The permanent exhibition is closes due to reconstruction works until further notice.


The Permanent Exhibition at the Kölnisches Stadtmuseum

On some 2000 square metres of floor space, the Kölnisches Stadtmuseum tells the history of the city from the Middle Ages right up to the recent past. Unusual exhibits on permanent display in the historic Zeughaus bring the political, social, economic, cultural and religious development of the city to life.

Ford Taunus 17 M (P 3), 1960–1964. Photo: RBA  
J.B. Schreiner, G. Hermeling: table centrepiece ‘Industry’, 1906. Photo: icon Kommunikation, Cologne  
Raft transporting wood to Holland, c. 1800. Model 1:87. Photo: icon Kommunikation, Cologne  
City model based on the plan by Arnold Mercator, 1571. Photo: icon Kommunikation, Cologne  
Historic eau-de-cologne flasks. Photo: icon Kommunikation, Cologne  
Vis-à-Vis motor car, 1901/02. Photo: RBA  
Cathedral souvenir cup, c. 1880. Photo: icon Kommunikation, Cologne  
Jousting armour, c. 1600. Photo: icon Kommunikation, Cologne  

Right at the start of the exhibition, the visitor learns all sorts of useful things relating to typical ‘Kölsch’ things and inventions such as Klüngel (intrigue), Kölsch (beer), Karneval (that’s ‘carnival’ in German) and ‘Kölnisch Wasser’ (‘Cologne water’, i.e. eau-de-cologne). The subsequent tour of the ground floor focuses on the city’s political history and general development. Starting from the recent past, the trail leads deeper and deeper into the past.

In the Middle Ages, Cologne was for a time one of the largest cities north of the Alps, and one of the most popular pilgrimage destinations in Europe. Time and again conflicts between the citizens and the ruling archbishops led to violent confrontations. In 1288, finally, the city succeeded at the Battle of Worringen in shaking off the domination of the archbishop. In 1396, the craftsmen and merchants seized control of the city and drew up the ‘Verbundbrief’, a quasi-democratic guild-based constitution that was to remain in force until Cologne was occupied by the French revolutionary army in 1794. Some 20 years after the occupation, the city was assigned to Prussia at the Congress of Vienna, becoming a Prussian fortress and provincial centre. In 1848 the city became a focus of the revolution – Karl Marx was active as a journalist here. The next century, the twentieth, was also accompanied by major upheavals. The Kaiser’s Germany was followed by the Weimar Republic, the National Socialist period, the period of Allied occupation, reconstruction and democracy. The history of Cologne in this period is a microcosm of West German history generally.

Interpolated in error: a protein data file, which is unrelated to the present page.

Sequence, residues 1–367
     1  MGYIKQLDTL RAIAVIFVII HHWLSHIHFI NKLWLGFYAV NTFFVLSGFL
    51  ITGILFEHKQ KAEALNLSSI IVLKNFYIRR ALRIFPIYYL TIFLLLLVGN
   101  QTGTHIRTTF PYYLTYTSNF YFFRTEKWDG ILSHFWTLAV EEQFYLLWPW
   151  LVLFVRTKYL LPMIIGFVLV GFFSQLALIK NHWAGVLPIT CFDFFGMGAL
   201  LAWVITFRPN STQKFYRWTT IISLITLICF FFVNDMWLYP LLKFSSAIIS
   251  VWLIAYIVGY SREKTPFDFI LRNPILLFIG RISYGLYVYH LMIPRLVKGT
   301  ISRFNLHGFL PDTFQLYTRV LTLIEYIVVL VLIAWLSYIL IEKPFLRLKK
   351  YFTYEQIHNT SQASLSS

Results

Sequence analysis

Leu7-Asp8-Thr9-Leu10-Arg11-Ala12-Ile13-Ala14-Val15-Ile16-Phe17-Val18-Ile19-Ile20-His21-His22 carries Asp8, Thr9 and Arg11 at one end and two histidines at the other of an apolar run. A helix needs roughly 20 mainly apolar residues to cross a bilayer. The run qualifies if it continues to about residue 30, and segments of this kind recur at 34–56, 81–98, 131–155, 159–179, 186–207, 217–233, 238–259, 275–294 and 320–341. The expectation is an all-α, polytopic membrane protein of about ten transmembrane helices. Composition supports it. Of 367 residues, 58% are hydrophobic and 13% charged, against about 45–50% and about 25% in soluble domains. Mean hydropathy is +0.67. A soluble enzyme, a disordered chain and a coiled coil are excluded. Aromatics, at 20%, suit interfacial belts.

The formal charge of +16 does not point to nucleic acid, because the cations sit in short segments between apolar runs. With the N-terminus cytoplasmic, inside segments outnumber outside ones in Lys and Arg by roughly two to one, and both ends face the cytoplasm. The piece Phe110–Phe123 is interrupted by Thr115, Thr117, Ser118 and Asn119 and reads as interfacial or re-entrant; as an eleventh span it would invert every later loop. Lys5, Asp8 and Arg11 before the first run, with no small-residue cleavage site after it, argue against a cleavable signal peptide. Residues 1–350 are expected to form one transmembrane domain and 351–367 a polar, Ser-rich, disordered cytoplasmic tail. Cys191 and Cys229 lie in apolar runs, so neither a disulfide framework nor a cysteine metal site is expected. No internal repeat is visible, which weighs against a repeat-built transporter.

The tour through the centuries leads visitors to exhibits symbolizing the city’s history – from the 3.50-metre-tall ‘Kölscher Boor’ – via the nineteenth-century cityscapes by Jakob Scheiner, and the huge model of the city showing Cologne as it was in 1571 – all the way to the above-mentioned ‘Verbundbrief’ of 1396 and the city’s great seal of 1268.


<strong>Harbour scene, c. 1600.</strong> Photo: icon Kommunikation, Cologne
Harbour scene, c. 1600. Photo: icon Kommunikation, Cologne

Following the overview of the city’s political history, the upper floor of the Zeughaus is arranged thematically. The exhibits here are devoted to areas of social, cultural and political history such as civic identity, transport and housing, business, religion, intellectual life and science. The collection of early physical apparatus and the early-sixteenth-century Vopelius globes from the collection of Ferdinand Franz Wallraf is unique, for example. The collection of Judaica with items illustrating Jewish life in Cologne is one of the highlights of the tour. The exhibits and displays on topics such as the workplace, industry, childhood and industry c. 1900 highlight the transition of civic society into the twentieth century. A prominent role within the thematic areas is also played by the Cathedral, whose completion – after centuries of standstill – was taken in hand in 1842: a building that – well beyond the confines of Cologne – left its mark on the period.


Kölnisches Stadtmuseum

Zeughausstraße 1–3
50667 Köln
Tel.: 0221/221-22398
Fax: 0221/221-24154


Opening times

Tuesday: 10am – 8pm
Wednesday to Sunday: 10am – 5pm
Public holidays: 10am – 5pm
KölnTag: 10am – 10pm